Daily Chronicles

The Spanish-American War

Trouble in Cuba

The stories that the New York World and New York Journal have published about the issue in Cuba seems over exaggerated. This could be because the newspapers thought it would be a good way to get more readers. The idea worked, but this is not a good way to keep Americans informed. Feeding the Americans these over exaggerated details stirs the people up, which is a problem if the US is trying to stay neutral. It's true that bad things have happened, such as Cubans getting put in overcrowded reconcentration camps where there is little food and water, but there's a good possibility that intervening could make the problem worse.

War Against The Spanish!

A letter written by Enrique Dupuy de Lome became published in the New York Journal. It seems that the Spanish Ambassador didn't mean for it to become published. It seemed that it was meant to go to a friend, since the de Lome letter has biased criticism about the President of the United States, saying that he is "weak and catering to the rabble and, besides, a low politician." This is proof of how pathetic de Lome is. Trash talking the president is taking everything to a new low. This is not the only damage Spain has done. Not long after the letter was published, the USS Maine exploded in Havana harbor where over 260 US sailors died. It's completely obvious that Spain did it because of what happened with the de Lome affair. Spain was mad that they got caught, and they are now showing their true colors. It's not okay to let this go. If they think that they can treat our country like this, then they're mistaken. We have to fight back to show them that they can't mess around with us.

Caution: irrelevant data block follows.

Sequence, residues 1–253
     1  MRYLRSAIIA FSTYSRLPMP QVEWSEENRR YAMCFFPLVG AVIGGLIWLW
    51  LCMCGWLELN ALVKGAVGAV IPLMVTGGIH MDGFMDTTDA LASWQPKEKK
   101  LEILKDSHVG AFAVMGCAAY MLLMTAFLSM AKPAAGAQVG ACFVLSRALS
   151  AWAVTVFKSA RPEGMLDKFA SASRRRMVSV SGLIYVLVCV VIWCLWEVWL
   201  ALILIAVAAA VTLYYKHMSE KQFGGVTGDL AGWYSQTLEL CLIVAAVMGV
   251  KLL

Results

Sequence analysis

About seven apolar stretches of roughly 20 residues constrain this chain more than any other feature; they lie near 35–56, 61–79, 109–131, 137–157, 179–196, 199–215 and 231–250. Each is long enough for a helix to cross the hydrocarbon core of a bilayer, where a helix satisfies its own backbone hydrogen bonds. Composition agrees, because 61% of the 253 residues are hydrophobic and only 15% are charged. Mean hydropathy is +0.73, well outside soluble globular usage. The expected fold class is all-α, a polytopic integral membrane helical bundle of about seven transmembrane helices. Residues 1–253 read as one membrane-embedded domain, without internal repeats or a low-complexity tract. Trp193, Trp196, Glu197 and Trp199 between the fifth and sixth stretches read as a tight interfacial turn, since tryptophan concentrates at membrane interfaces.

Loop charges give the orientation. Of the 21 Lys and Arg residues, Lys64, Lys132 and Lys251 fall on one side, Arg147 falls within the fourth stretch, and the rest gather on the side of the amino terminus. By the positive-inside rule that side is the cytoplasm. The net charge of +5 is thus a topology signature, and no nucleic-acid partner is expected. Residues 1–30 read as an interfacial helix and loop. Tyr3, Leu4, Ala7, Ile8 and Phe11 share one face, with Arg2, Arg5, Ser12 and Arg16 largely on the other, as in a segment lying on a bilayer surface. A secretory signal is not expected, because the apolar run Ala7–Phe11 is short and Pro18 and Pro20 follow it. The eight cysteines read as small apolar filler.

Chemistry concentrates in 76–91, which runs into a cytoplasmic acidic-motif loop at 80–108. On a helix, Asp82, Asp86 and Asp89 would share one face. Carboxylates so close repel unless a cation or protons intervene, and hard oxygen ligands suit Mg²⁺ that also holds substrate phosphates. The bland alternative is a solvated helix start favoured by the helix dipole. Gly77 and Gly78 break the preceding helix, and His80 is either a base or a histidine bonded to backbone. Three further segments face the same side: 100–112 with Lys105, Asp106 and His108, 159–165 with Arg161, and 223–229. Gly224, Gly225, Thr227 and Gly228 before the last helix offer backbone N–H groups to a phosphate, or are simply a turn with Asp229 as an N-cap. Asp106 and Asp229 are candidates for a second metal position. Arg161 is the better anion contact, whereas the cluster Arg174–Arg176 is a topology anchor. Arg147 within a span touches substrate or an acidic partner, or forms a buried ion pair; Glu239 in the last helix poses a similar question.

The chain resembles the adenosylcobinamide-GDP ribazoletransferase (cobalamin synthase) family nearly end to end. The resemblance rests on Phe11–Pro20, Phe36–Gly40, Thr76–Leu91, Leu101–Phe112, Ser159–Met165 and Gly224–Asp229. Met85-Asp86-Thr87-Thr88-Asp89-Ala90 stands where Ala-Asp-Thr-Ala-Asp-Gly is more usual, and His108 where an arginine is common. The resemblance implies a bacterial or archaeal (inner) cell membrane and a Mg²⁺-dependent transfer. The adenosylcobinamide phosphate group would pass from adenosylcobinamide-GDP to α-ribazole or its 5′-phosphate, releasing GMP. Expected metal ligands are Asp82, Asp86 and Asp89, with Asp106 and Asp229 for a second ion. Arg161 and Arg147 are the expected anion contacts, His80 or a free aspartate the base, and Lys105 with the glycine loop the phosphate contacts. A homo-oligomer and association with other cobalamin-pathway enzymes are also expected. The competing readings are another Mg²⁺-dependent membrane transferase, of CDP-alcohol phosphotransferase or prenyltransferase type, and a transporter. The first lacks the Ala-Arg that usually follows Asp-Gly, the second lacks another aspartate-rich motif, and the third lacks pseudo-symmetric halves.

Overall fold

Report from the Battlefront

It began in the Philippines, since Spain's largest remaining colony lays there. The plan was to strike a quick blow against them in Manila Bay, so we were given orders by Roosevelt to sail to Hong Kong and wait for orders. We took the Spanish by surprise and completely annihilated them. Not one ship was lost, and there were only few casualties. After reinforcements came in, the city was taken and the Philippines was completely taken over.

Next was Cuba itself. The Navy had set up a blockade, but the Spanish had managed to slip in at the Eastern end of the island, at the harbor of Santiago de Cuba. Troops were ordered to sail there and join the navy. The troops also consisted of African Americans and Rough Riders. Then, on July 1st, the assault had started with Roosevelt and the Rough Riders fighting on Kettle Hill and other US forces fought on San Juan Hill. Both troops had won and taken over by nightfall.

After that, the US Navy defeated the Spanish as they tried to leave the harbor. Santiago ended up surrendering on July 17th. The US captured Puerto Rico the week after that. Spain then agreed to a peace settlement on August 12th.

Even though the war was quickly won, 5,500 Americans died during the war.

A New Power

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Conflict over Treaty of Paris

In this cartoon, President William McKinley is shown raising the American flag in the Philippines. The other man could represent others who were against making the United States an American Empire. The reason this cartoon was created was because of the Treaty of Paris. The Treaty of Paris gave the US Puerto Rico, Guam, and the Philippines. Some people liked the idea of America becoming an empire, while others thought strongly against it. Therefore, the Anti-Imperialist League was formed.

Meanwhile, in Cuba, an issue remained. The country was in ruins due to war, so the United States agreed to stay to help Cuba recover. Throughout four years, the Cubans came to resent the American control, so the US withdrew its troops and the Platt Amendment was passed. This allowed the United States to intervene in Cuban affairs and to buy/lease land for naval bases.